On many of the occasions where I have assessed both parents and their children, I have been fascinated by the results. Here are two examples.
Many years ago, I assessed a father and son. Both had a high incidence of gifted scores, were left-handed, and had significant hidden visual perception issues. In the case of the father, the vision issues didn’t prevent him from becoming a good reader. He attained good scores in English literature, qualifying to be a teacher and entering a Master’s program. The son, whose visual perception problems were all in the same areas, but who scored at a lower level in them, almost didn’t graduate from Grade 13 because of his reading and writing difficulties.
Both excelled in mathematics and symbolic thinking. The father eventually entered business as a financial adviser and the son, who had never read a novel or written a report without assistance, became an engineer. Both were very successful.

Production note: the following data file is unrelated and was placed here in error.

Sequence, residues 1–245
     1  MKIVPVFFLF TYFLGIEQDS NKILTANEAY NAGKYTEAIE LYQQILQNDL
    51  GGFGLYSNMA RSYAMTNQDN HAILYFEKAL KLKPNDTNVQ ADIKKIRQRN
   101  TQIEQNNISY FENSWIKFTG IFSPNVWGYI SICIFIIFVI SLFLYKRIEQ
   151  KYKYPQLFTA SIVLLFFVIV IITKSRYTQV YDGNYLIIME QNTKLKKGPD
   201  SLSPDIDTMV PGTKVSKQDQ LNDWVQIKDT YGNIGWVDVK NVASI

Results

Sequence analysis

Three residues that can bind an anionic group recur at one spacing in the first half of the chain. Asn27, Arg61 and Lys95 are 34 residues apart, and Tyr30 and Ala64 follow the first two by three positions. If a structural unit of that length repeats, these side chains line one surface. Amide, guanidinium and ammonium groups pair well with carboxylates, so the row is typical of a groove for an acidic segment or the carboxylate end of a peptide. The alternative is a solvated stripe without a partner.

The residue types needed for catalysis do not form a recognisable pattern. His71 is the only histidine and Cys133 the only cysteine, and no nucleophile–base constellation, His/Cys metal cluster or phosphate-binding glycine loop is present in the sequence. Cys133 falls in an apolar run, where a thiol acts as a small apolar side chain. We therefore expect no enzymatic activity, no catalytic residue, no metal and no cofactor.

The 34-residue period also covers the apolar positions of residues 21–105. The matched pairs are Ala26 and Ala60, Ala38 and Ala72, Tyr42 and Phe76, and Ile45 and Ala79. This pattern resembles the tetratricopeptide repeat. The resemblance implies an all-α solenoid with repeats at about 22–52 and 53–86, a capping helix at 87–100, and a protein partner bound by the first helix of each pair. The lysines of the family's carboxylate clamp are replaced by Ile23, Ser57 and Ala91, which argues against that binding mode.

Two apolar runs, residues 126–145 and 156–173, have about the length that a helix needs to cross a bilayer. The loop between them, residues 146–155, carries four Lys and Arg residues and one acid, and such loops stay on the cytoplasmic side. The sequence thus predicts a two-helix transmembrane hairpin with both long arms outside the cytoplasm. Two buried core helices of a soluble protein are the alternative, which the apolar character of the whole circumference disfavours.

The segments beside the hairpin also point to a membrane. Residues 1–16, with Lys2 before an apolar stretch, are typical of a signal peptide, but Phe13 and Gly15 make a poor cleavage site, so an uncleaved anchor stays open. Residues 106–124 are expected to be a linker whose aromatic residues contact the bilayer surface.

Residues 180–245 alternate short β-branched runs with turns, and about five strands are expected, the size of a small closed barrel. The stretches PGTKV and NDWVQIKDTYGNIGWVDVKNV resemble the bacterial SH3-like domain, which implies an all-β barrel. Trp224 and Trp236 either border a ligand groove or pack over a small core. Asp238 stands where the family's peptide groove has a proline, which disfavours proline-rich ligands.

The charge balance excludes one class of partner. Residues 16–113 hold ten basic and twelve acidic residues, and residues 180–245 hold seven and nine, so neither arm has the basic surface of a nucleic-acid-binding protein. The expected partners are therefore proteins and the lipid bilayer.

When I was managing an SOI/IPP program in an alternate school here in Vancouver, I assessed three members of one family. The mother was SOI assessed as she was being trained to help with the IPP program. The two siblings that were tested were attending the school and taking IPP training. The mother was Continue reading “The Apple Doesn’t Fall Far from the Tree”